Sunday, February 27, 2011

Greasy Rats and Frisky Frogs

From the diary of a former ruler:
Then, as though I was not doing and had not always done everything possible to keep my fellow-citizens well fed (building the harbor, for instance, in the face of general discouragement, and organizing the general supply of fresh vegetables), I suddenly found myself regarded as a public enemy. I was accused of purposely starving the City. The crowd groaned and howled at me almost whenever I showed myself in public, and once or twice pelted me with stones and mud and mouldy crusts. On one occasion I narrowly escaped serious injury in the Market place: my yeoman were set upon by a mob of two or three hundred persons and had their rods of office broken over their own backs. I only just managed to get safely into the Palace by a postern gate not far off, from which a small party of armed Guardsmen dashed out to my rescue. In the old days I would have taken this greatly to heart. Now I just smiled to myself. “Frogs,” I thought, “you are getting very frisky.”

From investigative reports and eyewitness accounts:
Following their prayers for the souls of thire fallen martyrs, the crowds came out of the mosques and converged upon the center of the city. They pointed their fingers to the sky and chanted: “God is greatr! Long Live the Arabs!” The lead demonstrators carried signs with slogans of freedom and equality for the people. They clashed with police in the main square, and several protestors were shot dead on the spot. The police continued firing into the crowd, and the people scattered into the surrounding neighborhoods.

The authorities labeled them criminals, drug addicts, and terrorists. At 20:00 hours, they declared a state of siege and called up the army and security forces. They imposed martial law and began distributing weapons to their loyalists. Then, they let loose. Soldiers, policemen, and armed vigilantes were dispatched into the darkened neighborhoods with orders to shoot on sight. They referred to the operations as a “rat hunt.”

Groups of soldiers and policemen, reinforced with West African troops and enraged loyalist militiamen, attacked the local residents. Hundreds were summarily executed. Meanwhile, the army bombarded the towns with artillery and aircraft. The level of horrors peaked when tanks and armored carriers burst into neighborhoods and fired their cannon into houses and their inhabitants.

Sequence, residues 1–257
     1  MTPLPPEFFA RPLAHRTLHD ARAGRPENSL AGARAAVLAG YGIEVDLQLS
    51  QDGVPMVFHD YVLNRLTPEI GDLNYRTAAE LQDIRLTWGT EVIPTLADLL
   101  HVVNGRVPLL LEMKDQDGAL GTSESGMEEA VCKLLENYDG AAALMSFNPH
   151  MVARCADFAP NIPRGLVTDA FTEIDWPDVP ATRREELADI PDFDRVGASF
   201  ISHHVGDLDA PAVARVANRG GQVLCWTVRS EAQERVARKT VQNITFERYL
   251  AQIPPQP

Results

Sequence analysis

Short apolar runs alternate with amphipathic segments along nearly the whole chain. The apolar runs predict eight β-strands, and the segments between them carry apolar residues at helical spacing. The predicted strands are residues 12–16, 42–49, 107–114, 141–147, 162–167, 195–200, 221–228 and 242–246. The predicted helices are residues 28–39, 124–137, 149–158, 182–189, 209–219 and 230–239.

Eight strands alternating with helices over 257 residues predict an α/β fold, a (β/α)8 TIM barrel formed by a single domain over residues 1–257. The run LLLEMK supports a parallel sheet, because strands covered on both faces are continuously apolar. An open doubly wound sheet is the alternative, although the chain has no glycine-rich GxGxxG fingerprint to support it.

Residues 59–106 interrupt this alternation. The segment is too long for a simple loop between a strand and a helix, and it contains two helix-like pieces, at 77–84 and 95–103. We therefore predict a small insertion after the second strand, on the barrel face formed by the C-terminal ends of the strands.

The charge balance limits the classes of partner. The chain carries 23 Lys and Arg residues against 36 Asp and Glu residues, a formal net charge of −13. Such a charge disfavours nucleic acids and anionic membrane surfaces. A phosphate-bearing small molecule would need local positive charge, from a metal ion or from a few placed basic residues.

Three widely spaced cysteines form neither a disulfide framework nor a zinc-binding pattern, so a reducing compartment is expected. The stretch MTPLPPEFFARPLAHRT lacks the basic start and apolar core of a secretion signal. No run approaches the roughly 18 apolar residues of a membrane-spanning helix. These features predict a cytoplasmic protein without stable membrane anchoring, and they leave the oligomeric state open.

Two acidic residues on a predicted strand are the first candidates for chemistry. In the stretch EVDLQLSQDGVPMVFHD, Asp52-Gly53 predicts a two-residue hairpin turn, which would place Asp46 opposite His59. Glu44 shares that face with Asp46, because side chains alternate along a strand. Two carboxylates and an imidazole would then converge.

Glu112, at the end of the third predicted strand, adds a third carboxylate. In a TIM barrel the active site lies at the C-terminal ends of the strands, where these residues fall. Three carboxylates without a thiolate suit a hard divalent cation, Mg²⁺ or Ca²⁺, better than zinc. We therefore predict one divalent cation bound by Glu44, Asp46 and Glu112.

At daybreak, soldiers and militiamen came with trucks and began removing the dead. Bodies were dumped in wells or cremated in lime kilns. Saci Benhamla, who lived a few hundred meters from the incinerator of Héliopolis, described the intolerable stench of burning flesh, the haunting blue smoke emanating from the consumed corpses, and the incessant comings-and-goings of trucks unloading their gruesome cargo.

Militiamen rounded up survivors and drove them to the quarries of Kef El-Boumba and Hadj M’Barak, where they executed them en masse. Brahim Tahar recalled “trucks leaving the city with bound men in the rear. After an interval of ten to fifteen minutes, I would hear repeated gunshots.” Again at Kef El-Boumba, Khaled Ali “saw soldiers unload handcuffed men from the back of a lorry truck. They sprayed them with gasoline and burned them alive.”

The soldiers organized “ceremonies of submission” whereby their male captives were ordered to prostrate themselves before the national flag and repeat in chorus: “We are dogs.” After these ceremonies, they were also taken away and shot.

The first of the two entries above may well have been uttered by Libya’s Muammar al-Qadhafi in the first hours of the popular uprising, while he remained bemused by the goings-on in his cherished Jamahiriyya. (He has since recovered his sobriety and has delivered, along with his son Sayf al-Islam, unbearably robust threats against his population of vermin). The passage, however, is excerpted from Robert Graves’s semi-fictional study of the Julio-Claudian dynasty (27BC68AD), still one of the more masterful literary forays into the chilling mindset of despotic rulers.

On page after page of I, Claudius and Claudius the God, Graves illustrates how political decision-making in the context of autocratic systems cannot be grasped in terms of philosophical clarity or public utility. Policy-making, in fact, has less to do with the practical needs of society at large and is more often than not a response to fluctuations in the balance of power within the closed circle of the ruler. The public realm is merely an attendant field of action to the extent that the modalities of the relationship between ruler and ruled, its validation and rationale, are determined elsewhere, out of public view and in the rarefied atmosphere of the inner corridors of power.